I don't usually write about my knitting projects until they are finished, because sometimes they don't work out. Sometimes I have to unravel the whole lot and use the yarn for a different project entirely, and writing about that would be very disheartening. So for instance, I was knitting a cardigan for several months last year which has not gone well at all - I have knitted most of it twice and it looks like I shall have to abandon it. I was following the pattern rather than tinkering with it as I usually do, so it is annoying that it hasn't worked. And I don't want to write any more about it.
But I think that maybe I should write more often about work in progress, when I am modifying a pattern or making it up as I go along. So here's one I'm knitting now - though actually it's nearly finished and I'm confident that this one is going to work, because it's made top down and I can try it on as I go.
The yarn is some 1970s yarn, that we found at Lee Mills, called Twilleys Spin Knitting. I had never heard of it until I was sorting the Twilleys pattern books, and found one for Spin Knitting which seemed intriguing. Then the following week, I saw a pack of it in a pile of odd balls of unwanted yarn, and bought it.
The pack contains 550g of yarn in a single length. It is a single ply, and it gets twisted slightly as you knit it and that "completes the spinning process", it says, hence the name. It's oiled wool (so makes your fingers soft but smelly) and a natural creamy colour. The pack label warns you to keep the plastic wrapper on, except for a hole in the top for the yarn to go through - otherwise there is a danger that the whole lot would fall out of the paper band into a horrendous tangle.
The pack does not give the length of the yarn, except for saying that it is much longer than the same weight of other yarns of similar thickness, so it would have been difficult to estimate what I could knit with it, without the pattern book. But there was a pattern for a long sleeved jumper in my size, that would use exactly one pack, so that's what I planned to make.
|Diamond pattern jumper|
Although the original plan was that I would knit something like the diamond pattern jumper in the pattern book, I wanted to knit it top down rather than bottom up (in case I ran out of yarn, which would be easier to cope with around the hem than around the neck) and in the round. I based it on Barbara Walker's book Knitting from the Top, and followed her instructions for a raglan-sleeved pullover. Except that she adds the neck band afterwards, by picking up stitches around the neck, and I do hate picking up stitches. So I figured out a way to start with the neckband - tricky, because as well as doing short rows to make the front of the neck lower than the back, I had to decrease at the front after the neckband, because the front of the neckband is longer than the back.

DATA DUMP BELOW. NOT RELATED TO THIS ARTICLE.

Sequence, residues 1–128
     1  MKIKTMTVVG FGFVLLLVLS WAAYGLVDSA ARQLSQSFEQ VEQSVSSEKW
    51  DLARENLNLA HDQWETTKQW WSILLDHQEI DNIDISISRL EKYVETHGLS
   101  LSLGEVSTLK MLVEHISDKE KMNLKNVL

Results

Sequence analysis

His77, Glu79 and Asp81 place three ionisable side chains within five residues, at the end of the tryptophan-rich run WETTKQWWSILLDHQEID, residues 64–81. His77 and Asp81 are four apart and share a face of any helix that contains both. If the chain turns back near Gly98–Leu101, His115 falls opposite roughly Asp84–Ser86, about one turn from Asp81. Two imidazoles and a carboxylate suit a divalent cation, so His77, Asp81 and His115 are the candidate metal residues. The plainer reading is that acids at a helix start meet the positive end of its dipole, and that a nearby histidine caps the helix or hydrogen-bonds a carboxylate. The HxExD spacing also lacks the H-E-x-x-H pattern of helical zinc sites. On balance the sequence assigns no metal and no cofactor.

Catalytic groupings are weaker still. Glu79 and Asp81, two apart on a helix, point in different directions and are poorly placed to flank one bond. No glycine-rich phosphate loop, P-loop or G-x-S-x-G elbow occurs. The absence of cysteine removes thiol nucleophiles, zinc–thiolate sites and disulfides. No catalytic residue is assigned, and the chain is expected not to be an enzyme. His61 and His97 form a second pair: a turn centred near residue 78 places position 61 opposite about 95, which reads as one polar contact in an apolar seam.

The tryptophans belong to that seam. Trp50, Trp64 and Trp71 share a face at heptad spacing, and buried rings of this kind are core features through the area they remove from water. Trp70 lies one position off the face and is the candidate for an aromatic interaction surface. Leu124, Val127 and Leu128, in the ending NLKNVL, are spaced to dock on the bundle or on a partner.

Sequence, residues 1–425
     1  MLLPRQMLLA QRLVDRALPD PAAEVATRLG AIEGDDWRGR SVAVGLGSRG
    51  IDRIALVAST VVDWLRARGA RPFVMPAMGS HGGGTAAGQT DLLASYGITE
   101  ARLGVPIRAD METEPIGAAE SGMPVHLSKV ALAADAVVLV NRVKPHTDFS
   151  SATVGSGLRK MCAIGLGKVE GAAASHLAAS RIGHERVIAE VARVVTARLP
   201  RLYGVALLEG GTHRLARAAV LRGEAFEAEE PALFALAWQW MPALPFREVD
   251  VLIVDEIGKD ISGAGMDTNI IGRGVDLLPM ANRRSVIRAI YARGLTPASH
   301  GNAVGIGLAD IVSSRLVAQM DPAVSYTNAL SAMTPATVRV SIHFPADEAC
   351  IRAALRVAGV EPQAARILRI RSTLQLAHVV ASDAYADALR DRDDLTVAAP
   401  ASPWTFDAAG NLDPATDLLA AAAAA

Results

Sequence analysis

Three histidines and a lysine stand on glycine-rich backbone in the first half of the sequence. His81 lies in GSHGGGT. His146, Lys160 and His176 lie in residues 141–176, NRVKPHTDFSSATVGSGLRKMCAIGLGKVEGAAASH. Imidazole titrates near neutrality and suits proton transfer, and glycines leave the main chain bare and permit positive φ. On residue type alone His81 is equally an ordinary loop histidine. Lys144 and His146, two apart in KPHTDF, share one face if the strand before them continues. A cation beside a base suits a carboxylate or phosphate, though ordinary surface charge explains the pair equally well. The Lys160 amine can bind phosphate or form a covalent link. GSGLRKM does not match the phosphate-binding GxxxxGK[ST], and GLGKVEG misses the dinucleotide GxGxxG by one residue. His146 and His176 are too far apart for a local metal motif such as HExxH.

That all worked fine, except that I had originally planned that the jumper would be in reverse stocking stitch, like the one in the pattern book, but then I decided that the knit side looked neater than the purl side, so I turned the whole thing inside out. And then when I got to the diamond pattern, I thought that it would not show up so well against the knit background, so I switched back to reverse stocking stitch.
So far, the jumper has been knitted with a single continuous thread, although I shall have to break it to knit each sleeve. And there will not be a single seam in the whole thing, yippee. I guess it's a bit retro, really, though as I can remember the 1970s perfectly well it seems a bit strange to think of it that way.
I don't think the Spin Knitting yarn can have been a great success - it's not very portable and not very economical either. If you wanted to knit a larger size of jumper, you would need to buy two packs of yarn and then have a lot left over - the pattern book is full of patterns for hats, scarves and mittens to use up the surplus. But I think my jumper will turn out well - warm but light. (I'm hoping that I can get rid of the oily smell when I wash it.) I'll post about it again when it's finished.
By the way, someone has yarn-bombed Saltburn pier, with an Olympic-themed scarf, 50 yards long. Do take a look - it's wonderful.